A rough month for stocks is drawing to a close, and many investors likely won’t be sad to see the back of it. And the last day of April trade is looking weak as Apple and Amazon failed to raise the bar on a mixed season for tech earnings.
Our call of the day comes from Keith Lerner, chief market strategist at Truist Advisory Services, who said “depressed” investor sentiment is the reason he hasn’t shifted to a full negative stance on stocks right now.
“Indeed with markets, it’s not about good or bad — it’s all about better or worse relative to expectations. When expectations are low, a little bit of good news can go a long way. That’s why markets tend to bottom when fear and uncertainty are at an extreme,” said Lerner in a recent note to clients.
He downgraded his equity stance to neutral in April after two years of a positive stance, noting that while the range of potential outcomes is wide, risk/reward is less positive.
He pointed to the latest survey from the American Association of Individual Investors (AAII), which showed the percentage of investors with a negative/bearish outlook surging to 59.4%. That was the highest since early March 2009, just a few weeks short of a major stock bottom following the 2008-09 financial crisis decline.
“To be fair, investors were correctly negative in January 2008 in the early stages of that market downturn,” he said.
The percentage of bullish investors is currently 16%, also close to a record low, leaving the bull/bear spread at -43%, a level that has been surpassed twice in the past 35 years — in the fall of 1990 and that March 2009 period, said Lerner.
A similar theme was heard from Thomas Lee, founder of Fundstrat Global Advisors, who told clients that the AAII sentiment survey was a “major bottom signal,” based on history. “So bad, it’s good,” he said.
Lee provided this chart showing when such a weak reading marked a stock bottom:
One footnote from Lee is that the AAII survey tends to sample older investors, and not the Reddit crowd.
Read: Boomers are leaving the stock market. Here’s what happens next.
Lerner adds other proof of investor negativity, such as the $45 billion flowing out of equity funds over the past two weeks. “This is an extreme that we have also seen during times of heightened uncertainty and volatility,” Lerner said.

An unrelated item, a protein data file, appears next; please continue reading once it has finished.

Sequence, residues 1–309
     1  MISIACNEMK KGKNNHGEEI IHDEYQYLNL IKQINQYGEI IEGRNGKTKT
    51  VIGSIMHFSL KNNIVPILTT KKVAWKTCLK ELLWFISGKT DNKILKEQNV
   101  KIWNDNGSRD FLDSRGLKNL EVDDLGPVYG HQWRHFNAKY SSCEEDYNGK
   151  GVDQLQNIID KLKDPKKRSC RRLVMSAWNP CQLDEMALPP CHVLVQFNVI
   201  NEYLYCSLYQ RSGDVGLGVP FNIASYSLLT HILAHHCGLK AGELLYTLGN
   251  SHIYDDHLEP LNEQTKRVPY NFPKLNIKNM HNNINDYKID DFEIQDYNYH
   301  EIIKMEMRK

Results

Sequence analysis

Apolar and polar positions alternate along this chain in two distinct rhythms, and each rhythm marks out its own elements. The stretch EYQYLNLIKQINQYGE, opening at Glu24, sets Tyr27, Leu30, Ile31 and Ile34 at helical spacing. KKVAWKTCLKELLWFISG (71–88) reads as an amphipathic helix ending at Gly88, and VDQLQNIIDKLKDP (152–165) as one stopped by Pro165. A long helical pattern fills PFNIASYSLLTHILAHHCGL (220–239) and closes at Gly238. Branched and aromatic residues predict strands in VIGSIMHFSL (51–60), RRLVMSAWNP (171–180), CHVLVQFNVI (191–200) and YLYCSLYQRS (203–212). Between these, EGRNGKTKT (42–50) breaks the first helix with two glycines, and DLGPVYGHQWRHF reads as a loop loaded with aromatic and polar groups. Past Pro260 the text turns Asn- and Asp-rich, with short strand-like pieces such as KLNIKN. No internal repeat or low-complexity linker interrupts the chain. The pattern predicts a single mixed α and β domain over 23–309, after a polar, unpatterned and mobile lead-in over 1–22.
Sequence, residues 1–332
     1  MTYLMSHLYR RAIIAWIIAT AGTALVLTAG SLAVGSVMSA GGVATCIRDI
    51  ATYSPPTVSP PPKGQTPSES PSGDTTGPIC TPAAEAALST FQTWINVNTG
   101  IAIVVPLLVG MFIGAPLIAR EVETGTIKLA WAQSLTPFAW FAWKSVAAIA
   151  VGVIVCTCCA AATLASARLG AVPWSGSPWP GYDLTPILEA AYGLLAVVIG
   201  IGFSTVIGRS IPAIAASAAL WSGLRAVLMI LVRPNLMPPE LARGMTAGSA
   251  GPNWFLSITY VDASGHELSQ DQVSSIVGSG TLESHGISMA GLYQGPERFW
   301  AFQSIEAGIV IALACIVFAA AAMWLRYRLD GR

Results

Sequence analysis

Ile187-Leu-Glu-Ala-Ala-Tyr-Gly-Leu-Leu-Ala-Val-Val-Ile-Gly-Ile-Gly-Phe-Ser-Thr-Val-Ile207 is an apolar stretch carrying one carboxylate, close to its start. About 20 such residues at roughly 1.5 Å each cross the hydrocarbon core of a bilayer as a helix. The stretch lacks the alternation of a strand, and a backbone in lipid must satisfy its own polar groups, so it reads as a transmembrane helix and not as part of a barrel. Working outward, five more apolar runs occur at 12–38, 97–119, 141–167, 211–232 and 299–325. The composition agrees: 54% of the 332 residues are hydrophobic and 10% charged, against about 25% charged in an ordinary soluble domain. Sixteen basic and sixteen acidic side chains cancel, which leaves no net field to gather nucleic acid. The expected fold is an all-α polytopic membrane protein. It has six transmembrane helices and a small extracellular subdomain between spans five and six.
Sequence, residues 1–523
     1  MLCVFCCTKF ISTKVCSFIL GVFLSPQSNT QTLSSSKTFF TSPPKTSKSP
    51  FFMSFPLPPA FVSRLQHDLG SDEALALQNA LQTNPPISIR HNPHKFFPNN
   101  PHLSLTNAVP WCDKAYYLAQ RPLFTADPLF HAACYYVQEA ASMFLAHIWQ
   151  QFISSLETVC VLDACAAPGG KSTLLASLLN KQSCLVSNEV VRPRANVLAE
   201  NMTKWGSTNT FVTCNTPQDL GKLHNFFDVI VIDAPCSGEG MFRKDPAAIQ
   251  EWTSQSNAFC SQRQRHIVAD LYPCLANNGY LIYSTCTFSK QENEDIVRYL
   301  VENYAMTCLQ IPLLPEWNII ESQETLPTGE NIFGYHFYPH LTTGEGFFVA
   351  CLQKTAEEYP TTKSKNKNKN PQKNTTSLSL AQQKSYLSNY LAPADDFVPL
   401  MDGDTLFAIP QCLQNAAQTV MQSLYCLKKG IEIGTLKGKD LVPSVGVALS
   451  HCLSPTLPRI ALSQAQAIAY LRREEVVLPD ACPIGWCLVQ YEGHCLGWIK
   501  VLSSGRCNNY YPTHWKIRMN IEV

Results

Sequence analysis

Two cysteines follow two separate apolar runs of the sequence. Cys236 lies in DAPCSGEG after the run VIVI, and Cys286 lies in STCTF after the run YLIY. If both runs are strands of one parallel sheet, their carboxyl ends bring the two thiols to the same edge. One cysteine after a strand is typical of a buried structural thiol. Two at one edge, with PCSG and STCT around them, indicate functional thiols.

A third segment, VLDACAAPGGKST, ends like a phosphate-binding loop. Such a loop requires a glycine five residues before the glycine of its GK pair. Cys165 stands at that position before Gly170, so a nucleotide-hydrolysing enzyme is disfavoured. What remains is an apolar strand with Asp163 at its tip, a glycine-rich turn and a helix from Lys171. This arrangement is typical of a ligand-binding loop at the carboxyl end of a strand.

For example: the post-Lehman Brothers bankruptcy, the US debt downgrade, COVID-19 pandemic lows and two months before the 2020 US presidential election. While the Lehman Brothers signal was “premature,” strong price returns followed the other periods, he said.
In short, Lerner said Truist follows the “weight-of-the-evidence approach,” which is telling it that depressed investor views and a “low hurdle for positive surprises” are the stock market’s biggest assets going.
The Federal Reserve’s favored inflation gauge — the core personal consumer expenditure price index — rose a sharp 0.9%i, and employment costs also rose. The followed by the University of Michigan consumer sentiment index is still to come, and next week we’ll get a Fed meeting.
is down 8% in premarket after its first loss in seven years. Apple AAPL
is down over 2% after the tech giant topped earnings and set a revenue record, but warned of billions in added costs from supply-chain woes.
stock is higher after CEO Elon Musk tweeted that there were no more sales planned for now, after he sold nearly $4 billion worth.
Earnings from Chevron CVX,
have left those shares softer, while Honeywell HON
is up on results, while AbbVie ABBV,
Bristol-Myers Squibb BMY
and Colgate-Palmolive CL
are also all down on results.
Opinion: Big Tech is no longer winning as big, but these two stocks still seem safe
Elsewhere, Intel INTC
is down after results, while investors are cheering Roku ROKU
earnings. Also sinking are shares of Robinhood HOOD,
which missed forecasts and said fewer people were trading on its app.
And Digital World Acquisition Corp. DWAC,
the special-purpose acquisition company buying the company behind former President Donald Trump’s Truth Social, is surging after Trump resurfaced with a message on the platform.
Ukraine’s leader has accused Russia of trying to humiliate the UN by firing missles on Kyiv during a visit by Secretary-General António Guterres. And efforts to get trapped civilians out of embattled Mariupol continue.
China’s government has vowed more support for its economy, as the country battles COVID-19 outbreaks.
The Labor Department is worried about Fidelity’s plan to allow Bitcoin into 401(k) plans is risky for retirees.
Stock futures YM00
are lower, with bond yields BX:TMUBMUSD10Y
flat and crude-oil prices CL00
modestly higher. Gold is getting a pop, while the dollar DXY
has cooled after Thursday’s massive rally, notably against the yen USDJPY,
which continues to drop. The Russian central bank cut interest rates to 14% and the ruble USDRUB
and other cryptos are modestly up.
Naomi Poole and a team of strategists at Morgan Stanley have rolled out a new Market Sentiment Indicator (MSI) to offer “tactical guidance on ‘risky assets.’” It aggregates survey, positioning, volatility and momentum data to gauge market stress and sentiment.
The MSCI All-Country World Index (you can track that via the exchange-traded fund iShares MSCI ACWI ACWI
) is used as a proxy for risk asset performance.
“Our analysis suggests that improving/deteriorating sentiment is a more powerful signal for forward returns than just extreme levels,” said Poole and the team. Using the level and direction of stress, the MSI is currently neutral and not giving off buy signals yet, they said.
These were the top-traded tickers on MarketWatch as of 6 am Eastern Time:
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